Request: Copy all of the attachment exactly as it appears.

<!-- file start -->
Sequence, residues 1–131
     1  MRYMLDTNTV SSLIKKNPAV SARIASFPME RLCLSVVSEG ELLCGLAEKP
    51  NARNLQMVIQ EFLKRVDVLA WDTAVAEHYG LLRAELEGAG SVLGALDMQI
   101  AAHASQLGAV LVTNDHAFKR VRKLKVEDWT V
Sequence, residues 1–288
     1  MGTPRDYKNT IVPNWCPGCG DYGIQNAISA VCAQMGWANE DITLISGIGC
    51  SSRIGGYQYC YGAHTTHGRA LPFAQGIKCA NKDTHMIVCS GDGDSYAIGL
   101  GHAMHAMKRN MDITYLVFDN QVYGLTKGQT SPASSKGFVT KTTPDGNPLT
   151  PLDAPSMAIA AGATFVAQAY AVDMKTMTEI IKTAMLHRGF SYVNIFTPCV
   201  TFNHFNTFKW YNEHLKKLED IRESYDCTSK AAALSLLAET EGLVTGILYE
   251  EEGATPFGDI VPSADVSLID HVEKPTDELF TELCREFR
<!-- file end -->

Sequence, residues 1–131
     1  MRYMLDTNTV SSLIKKNPAV SARIASFPME RLCLSVVSEG ELLCGLAEKP
    51  NARNLQMVIQ EFLKRVDVLA WDTAVAEHYG LLRAELEGAG SVLGALDMQI
   101  AAHASQLGAV LVTNDHAFKR VRKLKVEDWT V
Sequence, residues 1–288
     1  MGTPRDYKNT IVPNWCPGCG DYGIQNAISA VCAQMGWANE DITLISGIGC
    51  SSRIGGYQYC YGAHTTHGRA LPFAQGIKCA NKDTHMIVCS GDGDSYAIGL
   101  GHAMHAMKRN MDITYLVFDN QVYGLTKGQT SPASSKGFVT KTTPDGNPLT
   151  PLDAPSMAIA AGATFVAQAY AVDMKTMTEI IKTAMLHRGF SYVNIFTPCV
   201  TFNHFNTFKW YNEHLKKLED IRESYDCTSK AAALSLLAET EGLVTGILYE
   251  EEGATPFGDI VPSADVSLID HVEKPTDELF TELCREFR